"I try to respect him, I really, really do, but he's just such a Smeg-head."-Lister (about Rimmer, Red Dwarf)

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When the humble ST was doing 3D racers like these:

 
 
 
 
 
 
I think Super Burnout was sadly always going to be seen as yesterdays news on Jaguar.

 

Well, NSP may be a wonderful polygon game, but Vroom! is still 99% scaling sprites like SB, though not nearly as colorful or fast...but I get your point. Though, back in the day, Next Gen Gamer mag had gloriuos reviews (from Takara) for SB and Val d' Isere skiing/boarding and was impressed with the smooth animation and 60fps on both, so not everyone thought it was yesterday's news, Takara said these games finally made the Jag look like a powerful system! NG was one of two mags (in the U.S.) that had reviewers that didn't axe the Jag for no good reason, the other, I think, was Videogames, or Video Gamer, or something like that, they even still gave the Jag and games high marks and good (or at least fair) reviews all the way up to when Atari was just about to go belly-up and the Saturn, PSX and N64 were out. Also all my college buddies and I thought it was awesome and one of them already had a Saturn import. Of course they and I weren't industry "experts." And none of us had Amiga's or ST's, just SNES's and Genesis' (Mega drives,MCD, 32x's), but we new good games when we saw and played them, and we were part of the mass, target audience!

"Slugs, he created slugs?...Is this not the work of a complete incompetent? I would have started with Lasers, 8 o'clock, day one."-Evil (Time Bandits)

"...burn the land and boil the sea, but you can't take the sky from me..."-theme song (Firefly)

"I try to respect him, I really, really do, but he's just such a Smeg-head."-Lister (about Rimmer, Red Dwarf)

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I can see why Super Burnout wouldn't be cutting edge in 1995, but I'd say that the massive amounts of large scaling sprites is not something you could do on the ST, Amiga, Genesis, or SNES, and neither is the textured road moving at a flawless 60fps. I love the Vroom/F1 games though, and No Second Prize is great too- I play both of those on my Amiga quite a bit (though I think Lotus 2 takes the cake for me :)). But something like Vroom is really an extension of the Lotus technique (although it's skillfully and artfully done) and NSP is just a bit better than early polygon games like Falcon.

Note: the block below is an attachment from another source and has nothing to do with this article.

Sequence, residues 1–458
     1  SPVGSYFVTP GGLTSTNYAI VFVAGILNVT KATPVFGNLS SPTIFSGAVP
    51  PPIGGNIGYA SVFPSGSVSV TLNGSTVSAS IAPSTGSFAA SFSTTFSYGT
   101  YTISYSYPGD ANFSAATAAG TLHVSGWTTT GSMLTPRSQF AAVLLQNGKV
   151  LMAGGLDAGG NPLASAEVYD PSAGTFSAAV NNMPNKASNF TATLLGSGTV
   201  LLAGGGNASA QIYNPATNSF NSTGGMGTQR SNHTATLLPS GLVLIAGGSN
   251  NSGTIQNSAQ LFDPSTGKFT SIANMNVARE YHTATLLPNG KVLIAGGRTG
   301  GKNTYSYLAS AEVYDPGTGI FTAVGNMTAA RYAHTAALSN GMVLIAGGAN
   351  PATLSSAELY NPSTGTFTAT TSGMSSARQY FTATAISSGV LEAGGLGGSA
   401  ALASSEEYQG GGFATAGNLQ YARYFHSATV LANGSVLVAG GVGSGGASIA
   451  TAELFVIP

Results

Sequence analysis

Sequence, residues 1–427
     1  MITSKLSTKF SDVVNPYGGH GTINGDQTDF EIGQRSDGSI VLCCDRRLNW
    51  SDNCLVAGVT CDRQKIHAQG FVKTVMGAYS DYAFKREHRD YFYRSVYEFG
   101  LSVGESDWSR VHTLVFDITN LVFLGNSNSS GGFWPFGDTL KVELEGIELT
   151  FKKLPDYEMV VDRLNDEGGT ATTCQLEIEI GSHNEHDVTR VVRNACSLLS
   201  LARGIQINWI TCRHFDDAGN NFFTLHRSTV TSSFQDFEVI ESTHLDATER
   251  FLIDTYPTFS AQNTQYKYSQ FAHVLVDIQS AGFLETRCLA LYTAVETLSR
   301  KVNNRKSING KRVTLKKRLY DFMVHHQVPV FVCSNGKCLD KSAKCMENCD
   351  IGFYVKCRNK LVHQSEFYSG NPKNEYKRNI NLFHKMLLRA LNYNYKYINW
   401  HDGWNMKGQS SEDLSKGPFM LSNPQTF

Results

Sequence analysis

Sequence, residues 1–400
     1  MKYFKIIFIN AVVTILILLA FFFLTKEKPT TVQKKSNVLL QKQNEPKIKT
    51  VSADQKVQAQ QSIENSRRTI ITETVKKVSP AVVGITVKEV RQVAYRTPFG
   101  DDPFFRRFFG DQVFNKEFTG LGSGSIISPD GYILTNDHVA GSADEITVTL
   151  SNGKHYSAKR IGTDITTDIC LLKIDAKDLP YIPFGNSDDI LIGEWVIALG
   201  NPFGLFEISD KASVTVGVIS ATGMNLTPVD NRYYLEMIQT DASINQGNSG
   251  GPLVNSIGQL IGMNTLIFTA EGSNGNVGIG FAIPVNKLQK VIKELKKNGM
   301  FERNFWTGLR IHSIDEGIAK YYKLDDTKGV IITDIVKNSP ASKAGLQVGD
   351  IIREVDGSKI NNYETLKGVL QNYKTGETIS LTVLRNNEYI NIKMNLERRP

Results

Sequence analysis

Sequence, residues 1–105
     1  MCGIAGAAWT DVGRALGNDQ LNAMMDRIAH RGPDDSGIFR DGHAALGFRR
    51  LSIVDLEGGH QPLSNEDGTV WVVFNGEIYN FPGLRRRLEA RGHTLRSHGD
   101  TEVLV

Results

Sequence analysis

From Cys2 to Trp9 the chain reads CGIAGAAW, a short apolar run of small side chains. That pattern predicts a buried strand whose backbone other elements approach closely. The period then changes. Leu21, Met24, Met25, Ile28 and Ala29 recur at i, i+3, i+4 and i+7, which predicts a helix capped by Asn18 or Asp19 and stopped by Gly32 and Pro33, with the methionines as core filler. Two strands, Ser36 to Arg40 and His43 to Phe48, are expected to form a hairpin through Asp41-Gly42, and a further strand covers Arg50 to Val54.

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I don't know, i think most Jag fans rate SB in the top dozen at least, I do. just played it today as a matter of fact!

 


I can see why Super Burnout wouldn't be cutting edge in 1995, but I'd say that the massive amounts of large scaling sprites is not something you could do on the ST, Amiga, Genesis, or SNES, and neither is the textured road moving at a flawless 60fps. I love the Vroom/F1 games though, and No Second Prize is great too- I play both of those on my Amiga quite a bit (though I think Lotus 2 takes the cake for me :)). But something like Vroom is really an extension of the Lotus technique (although it's skillfully and artfully done) and NSP is just a bit better than early polygon games like Falcon.
everything in SB was 60fps, roadside sprites and all, not just the road.

"Slugs, he created slugs?...Is this not the work of a complete incompetent? I would have started with Lasers, 8 o'clock, day one."-Evil (Time Bandits)

"...burn the land and boil the sea, but you can't take the sky from me..."-theme song (Firefly)

"I try to respect him, I really, really do, but he's just such a Smeg-head."-Lister (about Rimmer, Red Dwarf)

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Just for balance, here's another review of the game, this time raving. I tried to find the glowing review from '95 by Takara (Diehard Gamefan, IIRC) but since I couldn't, here's a glowing substitute and one from 2013, not 1995: http://www.atarijaguar.co.uk/2013/10/super-burnout.html?m=0

 

Mind you, this guy is fair, even if it is a dedicated Jaguar site, if a game sucks, he says so, if a game is good, he says so.

"Slugs, he created slugs?...Is this not the work of a complete incompetent? I would have started with Lasers, 8 o'clock, day one."-Evil (Time Bandits)

"...burn the land and boil the sea, but you can't take the sky from me..."-theme song (Firefly)

"I try to respect him, I really, really do, but he's just such a Smeg-head."-Lister (about Rimmer, Red Dwarf)

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Super Burnout was a good game.  I had a friend come over to visit one day and when they saw it they immediately said "Hang On!!".  So I feel that Super Burnout was most likely left in the dark because of Sega's Hang-On game.  I had a blast with Super Burnout and the tracks are really good.  But I also felt that it could have been more.  So far my favorite racing game on the Jag is Power Drive Rally.  The system really needs a good racing game along the lines of Rad Racer, OutRun, or maybe its own Gran Turismo-style racing game.